31 March 2000

Greenpeace claims GM ban as victory

GREENPEACE is claiming victory in its battle to keep genetically modified crops off the market in France, following a recent ruling by the European Court of Justice.

The case refers to three Bt maize varieties from Novartis, which were originally licensed by the French government in February 1998, but then suspended in the face of strong anti-GM protests.

This was despite the fact France had originally sponsored the varieties and Brussels had given its consent in 1997.

The European Court was asked to clarify the exact procedures for licensing GMOs, to help determine whether the suspension was justified.

In its ruling it states that marketing authorisation can only be withdrawn if new scientific evidence emerges which shows the product presents an environmental or health risk, or where procedural errors were made during the initial evaluation.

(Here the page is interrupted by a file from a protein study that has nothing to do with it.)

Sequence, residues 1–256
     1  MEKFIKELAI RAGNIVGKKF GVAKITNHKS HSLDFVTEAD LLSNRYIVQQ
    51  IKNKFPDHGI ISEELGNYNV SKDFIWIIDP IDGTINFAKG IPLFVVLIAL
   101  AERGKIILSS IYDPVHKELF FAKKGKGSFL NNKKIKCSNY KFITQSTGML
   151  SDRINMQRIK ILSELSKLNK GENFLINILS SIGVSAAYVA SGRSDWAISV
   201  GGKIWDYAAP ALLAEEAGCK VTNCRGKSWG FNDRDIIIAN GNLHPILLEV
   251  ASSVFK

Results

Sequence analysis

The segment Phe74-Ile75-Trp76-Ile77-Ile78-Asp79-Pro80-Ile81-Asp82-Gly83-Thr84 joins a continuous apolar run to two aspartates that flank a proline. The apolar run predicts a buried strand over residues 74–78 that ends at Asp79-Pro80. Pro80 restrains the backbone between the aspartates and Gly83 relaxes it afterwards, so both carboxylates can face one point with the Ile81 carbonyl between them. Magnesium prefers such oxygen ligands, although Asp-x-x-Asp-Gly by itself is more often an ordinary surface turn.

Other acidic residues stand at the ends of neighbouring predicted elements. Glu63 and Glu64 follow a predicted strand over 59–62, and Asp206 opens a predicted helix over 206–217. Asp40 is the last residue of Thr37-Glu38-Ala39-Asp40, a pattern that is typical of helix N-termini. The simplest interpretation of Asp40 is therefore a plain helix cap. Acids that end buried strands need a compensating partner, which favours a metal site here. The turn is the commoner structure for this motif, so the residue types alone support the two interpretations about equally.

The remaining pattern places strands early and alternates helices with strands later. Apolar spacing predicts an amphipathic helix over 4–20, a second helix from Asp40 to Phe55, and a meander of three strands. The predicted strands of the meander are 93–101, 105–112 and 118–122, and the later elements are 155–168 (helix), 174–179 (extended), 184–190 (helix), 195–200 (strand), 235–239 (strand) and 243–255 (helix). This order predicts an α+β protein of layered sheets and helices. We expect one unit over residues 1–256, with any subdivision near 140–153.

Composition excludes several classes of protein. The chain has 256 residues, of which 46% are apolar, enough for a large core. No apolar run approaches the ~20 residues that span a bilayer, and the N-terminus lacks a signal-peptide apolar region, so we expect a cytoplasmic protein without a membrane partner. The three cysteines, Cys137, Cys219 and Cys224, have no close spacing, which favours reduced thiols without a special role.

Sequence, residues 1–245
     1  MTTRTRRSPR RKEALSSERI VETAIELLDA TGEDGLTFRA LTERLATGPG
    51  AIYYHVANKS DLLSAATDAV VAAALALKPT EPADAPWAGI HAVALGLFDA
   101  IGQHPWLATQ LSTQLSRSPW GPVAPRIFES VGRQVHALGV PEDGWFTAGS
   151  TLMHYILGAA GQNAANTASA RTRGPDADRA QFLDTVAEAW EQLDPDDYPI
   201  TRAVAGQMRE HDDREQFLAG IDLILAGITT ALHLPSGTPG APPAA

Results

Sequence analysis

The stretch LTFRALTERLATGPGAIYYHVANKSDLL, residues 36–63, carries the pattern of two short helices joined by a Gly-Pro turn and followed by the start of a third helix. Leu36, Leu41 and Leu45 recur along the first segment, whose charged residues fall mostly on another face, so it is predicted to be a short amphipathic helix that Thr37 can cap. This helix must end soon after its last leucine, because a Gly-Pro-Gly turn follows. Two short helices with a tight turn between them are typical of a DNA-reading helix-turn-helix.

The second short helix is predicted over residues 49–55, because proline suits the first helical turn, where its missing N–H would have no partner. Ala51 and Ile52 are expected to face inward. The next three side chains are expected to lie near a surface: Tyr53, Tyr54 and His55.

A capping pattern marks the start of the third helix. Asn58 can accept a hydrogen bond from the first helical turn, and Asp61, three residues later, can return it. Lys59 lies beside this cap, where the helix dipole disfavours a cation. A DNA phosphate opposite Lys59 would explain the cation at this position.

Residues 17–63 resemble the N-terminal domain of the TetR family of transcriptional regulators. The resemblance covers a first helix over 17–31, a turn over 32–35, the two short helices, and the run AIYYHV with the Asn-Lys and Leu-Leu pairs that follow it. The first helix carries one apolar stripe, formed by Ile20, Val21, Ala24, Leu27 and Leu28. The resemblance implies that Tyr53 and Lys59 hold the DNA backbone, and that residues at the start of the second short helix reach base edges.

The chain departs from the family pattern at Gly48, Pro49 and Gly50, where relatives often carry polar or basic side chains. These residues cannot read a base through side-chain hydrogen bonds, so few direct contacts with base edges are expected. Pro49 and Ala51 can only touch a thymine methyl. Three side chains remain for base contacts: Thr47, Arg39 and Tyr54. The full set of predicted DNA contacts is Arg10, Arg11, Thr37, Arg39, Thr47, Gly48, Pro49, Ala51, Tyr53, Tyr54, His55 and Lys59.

Greenpeace is optimistic it will be able to prove there were procedural errors, (namely, that the precautionary principle was never applied), and expects the French courts to maintain the ban on Novartis maize.

Novartis is not so sure, describing the European Court ruling as "a positive step forward" towards getting its products licensed.

The case now returns to the French high court.

&#8226 No new GMO applications have been processed since the EU imposed a moratorium on approvals in 1998. &#42